Dr Mackay suggested the increasing rates of anxiety and violence in our society are reflections of our inability to cope with the changing world order. He railed against powerful propaganda in the form of mass marketing to the consumer from the “happiness industry” whereby we believe we have a right and are entitled to be happy, “If you pursue happiness, it will elude you.” The validity of the emotional spectrum is what it means to be human, Dr Mackay said, and we can only experience happiness in contrast to the feeling of other emotions. But it was not sermonising. Dr Mackay infused his address with jokes, humour and cheeky asides, while holding up a mirror to Australia’s soul.
“Our identity depends on the groups we belong to,” Dr Mackay said. “We are people who will shrivel up, emotionally if not physically, if we are not nurtured by the experience of sharing the lives, and even sharing the pain, of those around us.”
As the growing threats of climate change, terrorism and a major economic disruption loom over us, our growing sense of vulnerability and fear seems to be forcing individuals into a state of self-absorption, denying us the communitarian need of civic responsibility.
But, as Dr Mackay suggested, “Goodness is inherently about responding to other people’s need of our kindness, charity, compassion, respect… our love.”
In a time when we are disillusioned with the political elite, rather than relying on a strong, elected leader, as individuals we need to interact with one another and rediscover our commitment to basic morality – being kind and respectful to each other, no matter our differences. This is how we defuse violence and hostility.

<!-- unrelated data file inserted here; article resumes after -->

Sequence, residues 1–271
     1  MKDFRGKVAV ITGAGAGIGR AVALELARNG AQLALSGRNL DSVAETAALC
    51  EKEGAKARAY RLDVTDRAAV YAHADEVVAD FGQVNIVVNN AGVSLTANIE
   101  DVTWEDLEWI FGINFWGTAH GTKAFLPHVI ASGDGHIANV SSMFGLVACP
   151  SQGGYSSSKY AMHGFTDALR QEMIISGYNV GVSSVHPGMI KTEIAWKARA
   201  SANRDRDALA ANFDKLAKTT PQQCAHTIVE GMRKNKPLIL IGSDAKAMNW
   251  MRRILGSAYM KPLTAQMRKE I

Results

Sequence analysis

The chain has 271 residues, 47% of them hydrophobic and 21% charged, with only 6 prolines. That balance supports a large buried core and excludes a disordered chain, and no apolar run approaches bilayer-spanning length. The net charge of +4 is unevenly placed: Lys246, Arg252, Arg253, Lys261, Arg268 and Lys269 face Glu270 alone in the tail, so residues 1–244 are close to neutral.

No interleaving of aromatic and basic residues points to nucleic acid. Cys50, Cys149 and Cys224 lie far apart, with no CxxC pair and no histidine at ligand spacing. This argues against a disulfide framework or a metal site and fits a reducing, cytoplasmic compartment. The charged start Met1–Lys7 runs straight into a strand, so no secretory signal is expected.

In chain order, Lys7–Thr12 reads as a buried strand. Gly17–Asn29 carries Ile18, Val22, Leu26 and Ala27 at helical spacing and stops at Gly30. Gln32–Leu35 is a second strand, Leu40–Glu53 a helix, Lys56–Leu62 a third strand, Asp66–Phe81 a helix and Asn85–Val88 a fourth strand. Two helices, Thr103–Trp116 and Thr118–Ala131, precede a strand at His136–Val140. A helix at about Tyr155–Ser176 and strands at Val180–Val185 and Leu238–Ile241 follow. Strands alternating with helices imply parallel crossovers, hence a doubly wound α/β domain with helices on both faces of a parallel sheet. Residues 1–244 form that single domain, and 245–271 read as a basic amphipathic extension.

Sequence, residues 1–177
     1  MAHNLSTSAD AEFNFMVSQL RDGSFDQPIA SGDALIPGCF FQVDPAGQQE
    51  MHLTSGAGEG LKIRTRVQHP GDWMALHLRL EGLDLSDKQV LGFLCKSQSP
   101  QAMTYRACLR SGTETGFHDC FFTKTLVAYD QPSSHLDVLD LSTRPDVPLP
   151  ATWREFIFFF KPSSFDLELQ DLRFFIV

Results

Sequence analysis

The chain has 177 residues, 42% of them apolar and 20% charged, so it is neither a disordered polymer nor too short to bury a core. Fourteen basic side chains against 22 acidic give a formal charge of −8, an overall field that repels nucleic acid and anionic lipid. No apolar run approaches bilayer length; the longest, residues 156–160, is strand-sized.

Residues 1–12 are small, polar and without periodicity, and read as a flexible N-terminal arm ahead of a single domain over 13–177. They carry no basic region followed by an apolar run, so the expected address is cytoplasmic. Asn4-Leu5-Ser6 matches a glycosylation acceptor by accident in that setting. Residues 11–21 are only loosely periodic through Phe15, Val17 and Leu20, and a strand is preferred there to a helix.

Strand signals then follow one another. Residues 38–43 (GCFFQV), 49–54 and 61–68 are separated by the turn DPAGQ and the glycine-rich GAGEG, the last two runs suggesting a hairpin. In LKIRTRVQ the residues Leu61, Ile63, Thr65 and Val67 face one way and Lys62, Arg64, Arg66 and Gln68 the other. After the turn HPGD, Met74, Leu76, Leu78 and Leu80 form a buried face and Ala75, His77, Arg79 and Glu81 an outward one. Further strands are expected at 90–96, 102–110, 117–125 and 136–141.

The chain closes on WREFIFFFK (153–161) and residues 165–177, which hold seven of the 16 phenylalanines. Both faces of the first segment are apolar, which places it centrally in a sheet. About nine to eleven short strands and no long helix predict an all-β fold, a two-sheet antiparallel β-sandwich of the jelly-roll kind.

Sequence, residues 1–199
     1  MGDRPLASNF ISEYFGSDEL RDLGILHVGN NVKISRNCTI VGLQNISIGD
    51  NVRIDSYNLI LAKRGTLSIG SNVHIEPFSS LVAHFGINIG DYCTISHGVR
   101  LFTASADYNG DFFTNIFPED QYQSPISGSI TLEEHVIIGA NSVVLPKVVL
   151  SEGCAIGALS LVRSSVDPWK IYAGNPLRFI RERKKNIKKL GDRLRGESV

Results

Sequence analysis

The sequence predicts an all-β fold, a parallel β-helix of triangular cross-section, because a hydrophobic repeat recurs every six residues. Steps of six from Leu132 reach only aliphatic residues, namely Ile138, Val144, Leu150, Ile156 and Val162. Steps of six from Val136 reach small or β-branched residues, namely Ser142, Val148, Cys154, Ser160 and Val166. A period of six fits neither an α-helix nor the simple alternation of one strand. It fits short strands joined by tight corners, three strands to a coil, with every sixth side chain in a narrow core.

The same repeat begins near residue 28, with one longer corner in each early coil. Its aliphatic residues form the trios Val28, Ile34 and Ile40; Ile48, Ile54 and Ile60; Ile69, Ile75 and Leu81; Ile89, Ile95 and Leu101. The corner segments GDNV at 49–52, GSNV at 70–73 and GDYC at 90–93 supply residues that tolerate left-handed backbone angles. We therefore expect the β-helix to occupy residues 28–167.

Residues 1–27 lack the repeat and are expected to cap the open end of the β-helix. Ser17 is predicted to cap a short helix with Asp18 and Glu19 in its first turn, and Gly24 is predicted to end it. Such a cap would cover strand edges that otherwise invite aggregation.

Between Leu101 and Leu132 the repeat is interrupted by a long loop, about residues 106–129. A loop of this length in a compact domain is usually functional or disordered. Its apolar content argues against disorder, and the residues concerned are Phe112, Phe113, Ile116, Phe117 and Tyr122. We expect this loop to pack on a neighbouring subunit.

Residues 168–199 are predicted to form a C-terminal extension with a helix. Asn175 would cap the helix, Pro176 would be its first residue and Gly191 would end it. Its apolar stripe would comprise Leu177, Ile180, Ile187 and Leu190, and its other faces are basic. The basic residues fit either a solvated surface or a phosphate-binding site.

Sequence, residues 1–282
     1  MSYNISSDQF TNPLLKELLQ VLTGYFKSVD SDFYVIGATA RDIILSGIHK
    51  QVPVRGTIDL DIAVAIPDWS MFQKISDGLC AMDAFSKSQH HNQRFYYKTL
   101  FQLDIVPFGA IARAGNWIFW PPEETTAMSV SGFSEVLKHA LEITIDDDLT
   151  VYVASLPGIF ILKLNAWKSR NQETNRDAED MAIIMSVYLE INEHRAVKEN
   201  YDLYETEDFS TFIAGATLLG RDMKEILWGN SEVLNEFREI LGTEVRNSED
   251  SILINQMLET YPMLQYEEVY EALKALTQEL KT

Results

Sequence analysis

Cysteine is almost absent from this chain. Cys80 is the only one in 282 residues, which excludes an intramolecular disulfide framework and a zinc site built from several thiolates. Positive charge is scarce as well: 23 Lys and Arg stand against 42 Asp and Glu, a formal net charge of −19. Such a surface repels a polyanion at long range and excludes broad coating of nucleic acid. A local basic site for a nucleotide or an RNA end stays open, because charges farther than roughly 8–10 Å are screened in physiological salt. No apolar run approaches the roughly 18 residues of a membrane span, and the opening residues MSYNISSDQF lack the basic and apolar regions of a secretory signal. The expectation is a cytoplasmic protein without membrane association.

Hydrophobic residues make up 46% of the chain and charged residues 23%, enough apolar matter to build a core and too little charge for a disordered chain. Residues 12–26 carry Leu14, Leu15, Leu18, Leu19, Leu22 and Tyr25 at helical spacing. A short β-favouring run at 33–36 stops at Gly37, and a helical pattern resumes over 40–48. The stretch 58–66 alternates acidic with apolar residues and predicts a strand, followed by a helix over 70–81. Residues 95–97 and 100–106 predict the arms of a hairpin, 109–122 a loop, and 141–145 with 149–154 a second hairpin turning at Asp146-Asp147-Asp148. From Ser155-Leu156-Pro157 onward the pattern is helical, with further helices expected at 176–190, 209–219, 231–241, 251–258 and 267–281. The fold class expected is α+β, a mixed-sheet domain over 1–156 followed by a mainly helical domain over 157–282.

It was a basic, simple truth he was telling us, and it stirred a palpable shift in the audience. It was like a recap of a lesson that we had all learned long ago, but somehow forgotten in recent years thanks to our complicated lives.
Invoking Gandhi’s wisdom, Dr Mackay reflected on the Mahatma’s premise that when we find ourselves in conflict with someone’s ideas, it is the conflict itself that is our opponent, not the other person. At its core, Gandhi’s philosophy was about replacing the force of violence with the combined force of truth and compassion, or ‘soul force’.
We should expand the notion of ‘love thy neighbour’, by reinterpreting what we mean by ‘love’ and what we mean by ‘neighbour’, proposed Dr Mackay, to include being kind and compassionate to everyone, even those who are different or whom we disagree with.
A truly civilised person renounces violence and revenge in favour of forgiveness, said Dr Mackay.
“We build a better society by responding to bad behaviour with good behaviour; by responding to ugliness with beauty; by responding to treachery with integrity; by responding to lies with truth,” he said.
With a general decline in trust in contemporary Australian politics, or a decline more broadly as evidenced by the rise of Trump and the Brexit, there is a need to look inward at ourselves and our behaviour, and take matters into our own hands.
Espousing a basic tenet of ‘thinking global by acting local’, Dr Mackay encouraged us to be more generous with ourselves and our time, and be masters of technology, not its servants. Get connected: that’s the lesson we all took home that day. And not in a social media kind of way.
“We can have a powerful influence on the communities we belong to,” Dr Mackay said. “How we contribute to these miniatures of life will help to determine the big picture.”
We all know how to act like good neighbours in the event of a tragedy or crisis, and we see examples of this regularly; the challenge is in learning to be a good neighbour in everyday life. “If enough of us start living as if this is the kind of society we want it to be, that’s the kind of society it will become.”
As Gandhi put it, “You may never know what results come of your actions, but if you do nothing, there will be no results.”
Photos: Maja Baska/UNSW